Work with students most obvious limitations.
Most people have a combination of:
- Weak deep core muscles – This manifests itself in the inability to tilt the pelvis forward. Build bandha strength with postures like Boat Pose that strengthen the lower abdomen (Uddiyana Banda). Straighten the back by bending knees and hold legs lightly
- Tight hip flexors (use simple lunges)
- Tight chest and shoulders (backbends like bridge and positions where hands come behind the back, Downward dogs for shoulders)
- Tight hamstrings (Downward dogs with knees bent, Triangle, Runners Stretch, once warmed up Supta Padangustasana)
Spinal Twists & Neutralizing the spine
- Twists can be used to neutralize the spine. After a backbend posture, it is good to neutralize the spine before moving into a forward fold, and vice-versa.
- However, they are other ways to neutralize the spine, like Downward Dog, Dandasana, or standing up straight in mountain pose.
- The notion that twists are great for neutralizing the spine has gone through the broken telephone and been distorted into “twists are good for your back” over the years, and often people with back problems do a lot of twists thinking that is helping. It is only temporary relief, and creating length is far more beneficial.
- Use twists sparingly, they are not actually all that useful. Practices that include many twists may actually make your back more sore than when you started if you are not able to stabilize the pelvis through strong bandha muscle connections.
- Twisting is contraindicated for those with sciatica and other lower back pains. It may feel temporarily good, but it is doing little for your condition. Better to practice postures like Bridge, Purvottasana, and other symmetrical backbends that build strength without aggravating the injury.
Asymmetrical postures verses Symmetrical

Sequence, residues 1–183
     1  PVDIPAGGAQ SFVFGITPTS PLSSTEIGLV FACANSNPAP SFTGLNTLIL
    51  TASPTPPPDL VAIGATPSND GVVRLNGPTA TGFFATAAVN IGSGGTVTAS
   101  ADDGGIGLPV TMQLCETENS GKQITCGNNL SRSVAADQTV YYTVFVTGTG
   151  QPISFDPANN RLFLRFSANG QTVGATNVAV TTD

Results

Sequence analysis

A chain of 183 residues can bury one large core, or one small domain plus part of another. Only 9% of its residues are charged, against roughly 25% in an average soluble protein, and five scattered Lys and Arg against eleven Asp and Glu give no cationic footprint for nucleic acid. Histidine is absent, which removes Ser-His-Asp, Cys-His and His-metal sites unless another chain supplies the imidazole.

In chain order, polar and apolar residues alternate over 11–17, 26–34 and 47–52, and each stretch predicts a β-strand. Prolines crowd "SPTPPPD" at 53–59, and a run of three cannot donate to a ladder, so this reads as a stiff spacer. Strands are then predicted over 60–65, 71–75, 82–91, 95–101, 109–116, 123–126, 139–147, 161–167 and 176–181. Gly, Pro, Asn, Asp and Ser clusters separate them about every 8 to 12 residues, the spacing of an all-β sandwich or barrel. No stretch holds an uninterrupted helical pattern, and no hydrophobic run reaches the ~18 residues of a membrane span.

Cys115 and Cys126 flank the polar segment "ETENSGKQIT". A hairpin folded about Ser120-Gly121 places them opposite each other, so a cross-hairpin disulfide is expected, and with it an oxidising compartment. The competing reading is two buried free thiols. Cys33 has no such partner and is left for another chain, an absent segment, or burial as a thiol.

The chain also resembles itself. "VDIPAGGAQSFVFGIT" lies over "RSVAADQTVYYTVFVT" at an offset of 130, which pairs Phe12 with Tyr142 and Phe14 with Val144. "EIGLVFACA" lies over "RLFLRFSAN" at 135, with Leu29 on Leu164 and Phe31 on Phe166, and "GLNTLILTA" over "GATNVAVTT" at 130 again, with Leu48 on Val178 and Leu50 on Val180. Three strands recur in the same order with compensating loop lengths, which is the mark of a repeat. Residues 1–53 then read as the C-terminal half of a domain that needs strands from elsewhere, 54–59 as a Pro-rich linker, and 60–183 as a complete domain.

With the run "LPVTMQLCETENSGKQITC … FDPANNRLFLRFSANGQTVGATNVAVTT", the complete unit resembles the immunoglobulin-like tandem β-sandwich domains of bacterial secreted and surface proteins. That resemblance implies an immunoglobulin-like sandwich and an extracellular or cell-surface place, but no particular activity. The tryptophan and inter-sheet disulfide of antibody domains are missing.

- Pretty much everyone has some imbalances from one side of the body to the other.
- In symmetrical postures, it is generally not possible to address imbalances— inevitably one side does more of the work.
- Imbalances can be addressed in asymmetrical postures, where one side of the body does something different than the other (Trikonasana, Warriror 1, Janusirsasana, etc)
Working with Imbalances
What to do when one side is more flexible?
- Yoga is a about creating balance in our lives, and our bodies. Creating balance can been carefully restraining oneself, pulling back from pleasure.
- Stretch the flexible side only as far as the stiff side.
- Try to do the same variation of the posture on each side.
- There are exceptions. Like in cases where there is an injury, like an injured hamstrings, stretch the good side normally, use restraint on the injury. Once the injury heals up, work on bring the body back into balance.
Forward folding postures:
- Easiest are done laying on the back, such as hugging knees to chest – Apasana.
- Next easiest are symmetrical standing forward folds like (Uttanasana) with feet hip width or wider apart. In general, these are safer because a students may be able to practice them safely, despite not yet having the mind-body connection to tilt the pelvis forward and straighten the back.
- Next we have asymmetrical standing forward bends.
- Seated forward folds are challenging, but Paschimottasana, where both legs are parallel stretched out in front, is among the easier of the seated folds. However, distributing the weight over the sitting bones through tilting the pelvis forward can be a challenge for new students and those with stiff hamstrings—these students must bend the knees and/or prop the buttocks up on pillows.
- Asymmetrical seated forward folds are generally even more challenging (Half-Virasana/Triang mukai eka pada paschimottanasana). These poses require a strong connection between the floor and sitting bones, which arises out of sufficient hamstring flexibility, toned pelvic floor muscles, and the awareness of how to tilt the pelvis forward (anterior tilt) to distribute the weight of the body over the sitz bones.
- Next challenging is asymmetrical forward folds that involve as slight twist (Janusirsasana). Students with lower back problems like sciatica should not practice these poses, as the twist can aggravate the problem.
- Next is seated twisting postures (Marichiasana variations and Ardha Matsyendrasana). Done correctly these postures develop core strength.